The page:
We offer different experiences for different tourists.

Backpackers want to feel like locals, so you can't offer them a "luxury" experience. They want to jump onto taxis and feel like locals.

You can't offer delegates from a conference a tour, because they have their own programme which they need to stick to. But we can offer them a taste of local cuisine, let them listen to local music at events after their formal programme.

Fin24: How do you ensure it is safe for tourists?

Siyaka: Safety is the number one priority. It starts by working close with the community. The minute you get locals involved, it makes life easier and there is no need to phone the SAPS (SA Police Service), because the community will back you up.

From hosting one event – so many businesses can benefit. A security company, a business to hire out sound equipment, catering, photographers, the list is endless for one event. It’s not like communities do not have the infrastructure - the infrastructure is there.

Fin24: What is the most important lesson you have learnt?

Siyaka: There is growth, but at a very slow pace. I guess good things come to those who have patience. You need to understand the game first before you make money.

Fin24: Is there value in partnering with other businesses?

Siyaka: Yes. What inspires me to do what I am doing is a very old man from Langa who was unemployed. He had the knowledge and was able to convert his environment to get monetary value out of it.

He lived in a shack, and decided to create a story and offer an experience to the visitors out there and share about his background. He was able to make a living from that. He didn't do any marketing, but local tour operators included his story on their tours. People (tourists) just came and paid him to host and experience what it is like to stay in a shack.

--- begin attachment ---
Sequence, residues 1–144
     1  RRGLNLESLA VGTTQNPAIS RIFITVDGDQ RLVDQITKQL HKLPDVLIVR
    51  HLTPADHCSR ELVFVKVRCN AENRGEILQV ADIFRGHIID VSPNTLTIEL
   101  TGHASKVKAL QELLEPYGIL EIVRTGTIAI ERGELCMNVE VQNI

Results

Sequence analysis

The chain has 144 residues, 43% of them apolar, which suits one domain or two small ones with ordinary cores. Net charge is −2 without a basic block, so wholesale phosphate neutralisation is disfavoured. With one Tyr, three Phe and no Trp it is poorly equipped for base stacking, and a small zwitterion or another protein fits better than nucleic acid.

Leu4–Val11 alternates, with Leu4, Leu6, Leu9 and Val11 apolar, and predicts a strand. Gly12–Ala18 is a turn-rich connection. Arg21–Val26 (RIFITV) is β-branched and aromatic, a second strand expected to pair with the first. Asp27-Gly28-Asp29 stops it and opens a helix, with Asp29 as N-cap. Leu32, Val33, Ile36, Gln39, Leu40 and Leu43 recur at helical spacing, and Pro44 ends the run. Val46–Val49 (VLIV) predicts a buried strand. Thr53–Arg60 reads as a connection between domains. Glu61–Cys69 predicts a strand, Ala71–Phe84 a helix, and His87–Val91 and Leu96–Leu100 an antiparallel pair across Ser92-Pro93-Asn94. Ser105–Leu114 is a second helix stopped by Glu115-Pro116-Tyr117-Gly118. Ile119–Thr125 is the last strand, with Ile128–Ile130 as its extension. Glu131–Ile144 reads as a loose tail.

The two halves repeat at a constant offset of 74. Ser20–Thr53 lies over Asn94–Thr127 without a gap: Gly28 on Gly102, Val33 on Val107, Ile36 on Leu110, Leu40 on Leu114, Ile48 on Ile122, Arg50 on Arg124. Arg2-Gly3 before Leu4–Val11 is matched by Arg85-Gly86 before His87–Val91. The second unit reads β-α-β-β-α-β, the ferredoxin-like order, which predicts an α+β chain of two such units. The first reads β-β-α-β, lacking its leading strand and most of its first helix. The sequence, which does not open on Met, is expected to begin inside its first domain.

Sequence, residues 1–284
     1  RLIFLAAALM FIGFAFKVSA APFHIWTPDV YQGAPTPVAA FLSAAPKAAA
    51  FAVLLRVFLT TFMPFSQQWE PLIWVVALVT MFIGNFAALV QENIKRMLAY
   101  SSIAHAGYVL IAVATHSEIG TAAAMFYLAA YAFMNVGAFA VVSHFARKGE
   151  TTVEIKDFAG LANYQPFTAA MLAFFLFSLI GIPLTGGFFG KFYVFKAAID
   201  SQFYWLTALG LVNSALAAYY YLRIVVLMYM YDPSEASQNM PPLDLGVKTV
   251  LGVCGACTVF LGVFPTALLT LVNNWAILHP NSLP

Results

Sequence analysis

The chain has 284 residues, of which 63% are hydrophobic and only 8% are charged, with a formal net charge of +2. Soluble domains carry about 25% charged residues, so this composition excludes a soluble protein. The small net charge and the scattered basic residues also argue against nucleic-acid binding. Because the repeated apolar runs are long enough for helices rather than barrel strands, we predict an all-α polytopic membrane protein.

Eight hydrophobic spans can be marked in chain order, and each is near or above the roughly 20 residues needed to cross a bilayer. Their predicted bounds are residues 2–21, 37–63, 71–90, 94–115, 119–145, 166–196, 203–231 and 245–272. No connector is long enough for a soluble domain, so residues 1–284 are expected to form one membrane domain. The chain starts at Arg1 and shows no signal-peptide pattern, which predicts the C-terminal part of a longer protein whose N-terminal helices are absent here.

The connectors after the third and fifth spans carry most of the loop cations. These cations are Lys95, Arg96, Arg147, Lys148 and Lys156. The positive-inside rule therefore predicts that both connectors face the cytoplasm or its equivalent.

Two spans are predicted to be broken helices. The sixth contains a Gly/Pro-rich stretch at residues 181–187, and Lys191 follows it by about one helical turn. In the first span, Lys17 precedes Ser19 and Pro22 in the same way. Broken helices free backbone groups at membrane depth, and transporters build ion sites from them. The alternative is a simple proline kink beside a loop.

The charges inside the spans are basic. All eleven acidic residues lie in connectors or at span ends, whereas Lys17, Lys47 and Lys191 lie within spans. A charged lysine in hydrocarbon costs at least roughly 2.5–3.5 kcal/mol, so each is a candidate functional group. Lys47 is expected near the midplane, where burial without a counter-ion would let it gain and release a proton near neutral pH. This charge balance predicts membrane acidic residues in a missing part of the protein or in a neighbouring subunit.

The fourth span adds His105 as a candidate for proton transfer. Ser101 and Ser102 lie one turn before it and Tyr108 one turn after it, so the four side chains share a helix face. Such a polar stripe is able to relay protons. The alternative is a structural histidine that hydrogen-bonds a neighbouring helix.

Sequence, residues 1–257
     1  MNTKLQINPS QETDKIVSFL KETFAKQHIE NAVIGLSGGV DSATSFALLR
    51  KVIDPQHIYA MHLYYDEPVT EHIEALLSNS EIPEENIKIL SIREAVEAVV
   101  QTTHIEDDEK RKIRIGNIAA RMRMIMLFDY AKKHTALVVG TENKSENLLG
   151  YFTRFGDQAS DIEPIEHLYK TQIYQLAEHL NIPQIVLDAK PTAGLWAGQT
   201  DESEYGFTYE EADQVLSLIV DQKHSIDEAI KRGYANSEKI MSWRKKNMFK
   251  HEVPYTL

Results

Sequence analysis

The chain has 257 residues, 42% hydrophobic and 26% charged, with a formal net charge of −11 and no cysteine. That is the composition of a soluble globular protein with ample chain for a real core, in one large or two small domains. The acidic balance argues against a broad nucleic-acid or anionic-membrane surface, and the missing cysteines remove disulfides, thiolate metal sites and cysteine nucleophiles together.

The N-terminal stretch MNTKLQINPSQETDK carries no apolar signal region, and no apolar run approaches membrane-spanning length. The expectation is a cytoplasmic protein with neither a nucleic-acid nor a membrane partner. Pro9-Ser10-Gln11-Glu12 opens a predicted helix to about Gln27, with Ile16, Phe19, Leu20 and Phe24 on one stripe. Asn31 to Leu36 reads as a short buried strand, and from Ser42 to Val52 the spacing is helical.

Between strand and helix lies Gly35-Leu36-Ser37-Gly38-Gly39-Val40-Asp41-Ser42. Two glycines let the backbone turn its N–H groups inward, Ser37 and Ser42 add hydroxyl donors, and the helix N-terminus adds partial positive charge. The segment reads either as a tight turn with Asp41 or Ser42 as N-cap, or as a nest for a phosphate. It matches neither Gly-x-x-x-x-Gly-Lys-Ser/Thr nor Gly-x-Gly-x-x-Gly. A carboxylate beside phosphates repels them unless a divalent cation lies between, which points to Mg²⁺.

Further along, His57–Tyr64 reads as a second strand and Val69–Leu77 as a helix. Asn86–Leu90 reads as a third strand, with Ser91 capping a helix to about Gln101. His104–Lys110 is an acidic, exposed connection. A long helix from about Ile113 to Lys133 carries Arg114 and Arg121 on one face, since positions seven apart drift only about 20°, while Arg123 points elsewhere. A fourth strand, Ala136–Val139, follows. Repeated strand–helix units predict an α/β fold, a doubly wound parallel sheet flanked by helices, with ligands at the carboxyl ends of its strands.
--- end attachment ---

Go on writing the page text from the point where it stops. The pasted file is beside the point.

Fin24: How important is perception about South Africa to your business?

Siyaka: For sure, bad news about SA impacts business, in so many ways. Either directly or indirectly. The water crisis impacted business hugely.

The murder of Anni Dewani also impacted business. People thought tourists were getting killed in townships because of that. By the time the truth was revealed it had already caused huge, negative exposure.

This is why one of the reasons it is important to come to trade shows - is to tell people that townships are not about poverty, and not just about driving through.

Fin24: How did you raise capital to start your business?

Siyaka: To be honest, I just used everything under the sun to make things work. I took full advantage being born and bred from these local communities. It can only take someone, who sleeps there and eats there, to offer an authentic experience to tourists.

I also had to go out there to know what was trending, and who is who in the zoo, to tailor an experience for consumers.

After using everything under the sun I also used the programmes offered by development agencies offered by government. Without those development agencies from government, I do not think Ubizo would be where it is now.

Fin24: What is your message to other entrepreneurs who want to start businesses?

Siyaka: We all came in this life for a purpose. One needs to be realistic and know yourself and what it is you want to achieve and what are your passions. The minute you follow that, then money will follow you.

Make sure go out there and network and find out what develop agencies are there within your industry. Network, network, network.

*Fin24 was a guest of SA Tourism, which exhibited at ITB Berlin.